We let the eggs sit for about 8 hours when they arrived. They turned out to a mix of Black Copper Maran, Cuckoo Maran x Black Copper Maran, Rhode Island Red x Black Copper Maran and Cream Leg Bar x Lakenveldar. Not really what I had wanted but I had read the advert wrong the night I ordered and the other eggs were to make up the numbers. Some of them were really large though, so if we can get a hen laying large eggs that should help, and we might end up with some interesting coloured eggs, assuming we don’t hatch all cockerels!

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The new eggs!

She accepted the eggs straight away although she kept having two Maran eggs peeking out from under her, sometimes feeling cold. We left them as they didn’t seem to be kicked out, and of course they were 2 of the 4 Maran eggs.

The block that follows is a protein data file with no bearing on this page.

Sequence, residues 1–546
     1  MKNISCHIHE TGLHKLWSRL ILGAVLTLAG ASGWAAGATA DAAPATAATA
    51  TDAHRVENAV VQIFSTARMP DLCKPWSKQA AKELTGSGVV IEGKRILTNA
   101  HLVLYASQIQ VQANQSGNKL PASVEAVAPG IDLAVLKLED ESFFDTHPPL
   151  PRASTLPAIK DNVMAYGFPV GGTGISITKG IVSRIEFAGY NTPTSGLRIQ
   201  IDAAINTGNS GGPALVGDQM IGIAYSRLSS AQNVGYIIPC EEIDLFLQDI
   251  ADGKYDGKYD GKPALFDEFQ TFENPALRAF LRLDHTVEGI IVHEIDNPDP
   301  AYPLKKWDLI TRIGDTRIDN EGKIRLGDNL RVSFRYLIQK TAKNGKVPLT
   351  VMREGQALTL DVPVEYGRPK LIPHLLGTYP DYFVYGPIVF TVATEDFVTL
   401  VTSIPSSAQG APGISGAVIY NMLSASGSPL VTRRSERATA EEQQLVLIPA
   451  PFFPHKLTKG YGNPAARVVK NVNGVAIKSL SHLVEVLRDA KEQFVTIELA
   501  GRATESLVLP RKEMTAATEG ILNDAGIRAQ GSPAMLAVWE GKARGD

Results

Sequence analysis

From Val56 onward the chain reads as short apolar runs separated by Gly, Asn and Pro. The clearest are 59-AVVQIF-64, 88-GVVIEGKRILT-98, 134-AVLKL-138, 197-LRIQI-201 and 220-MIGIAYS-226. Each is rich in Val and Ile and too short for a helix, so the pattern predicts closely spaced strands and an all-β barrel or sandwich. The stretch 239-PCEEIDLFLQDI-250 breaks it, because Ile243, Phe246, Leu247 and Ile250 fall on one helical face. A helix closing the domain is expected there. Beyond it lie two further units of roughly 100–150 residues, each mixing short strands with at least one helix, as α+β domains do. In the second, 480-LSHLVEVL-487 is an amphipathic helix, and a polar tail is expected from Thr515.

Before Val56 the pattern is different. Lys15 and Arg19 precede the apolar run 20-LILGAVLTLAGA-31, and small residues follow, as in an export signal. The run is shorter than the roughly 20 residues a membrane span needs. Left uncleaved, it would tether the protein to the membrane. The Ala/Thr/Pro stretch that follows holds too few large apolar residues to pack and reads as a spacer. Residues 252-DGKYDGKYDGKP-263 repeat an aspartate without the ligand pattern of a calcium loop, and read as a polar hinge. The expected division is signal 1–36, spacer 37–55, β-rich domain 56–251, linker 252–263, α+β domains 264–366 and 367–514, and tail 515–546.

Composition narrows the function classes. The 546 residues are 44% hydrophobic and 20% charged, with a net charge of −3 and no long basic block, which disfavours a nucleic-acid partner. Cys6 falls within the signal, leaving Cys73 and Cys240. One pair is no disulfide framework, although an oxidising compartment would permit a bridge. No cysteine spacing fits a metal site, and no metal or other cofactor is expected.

The two rejected Maran eggs
The two rejected Maran eggs

We bought a candler and then realised that we probably shouldn’t have started with Maran eggs as dark brown eggs are hard to see through! We couldn’t really tell with them but we saw veins with the others and a growing dark area when we candled at day 15 so fingers crossed.

Warm eggs whilst Aino takes a break
Warm eggs whilst Aino takes a break

At day 15 when we were candling I noticed a Maran egg had some cracks so we took it away and had a look, rotten. At day 17 I noticed another Maran egg the same, rotten again. I am hoping that these were the two eggs that had been peeking out. We did number the eggs when they went under Aino, but the pencil wore off. I’m guessing these two eggs just weren’t fertile. The other two Marans seem to be ok, so fingers crossed they hatch ok and are female. The eggs are due to hatch on Saturday so watch this space, hopefully all will go well and we will be having to come up with some B names from fandom!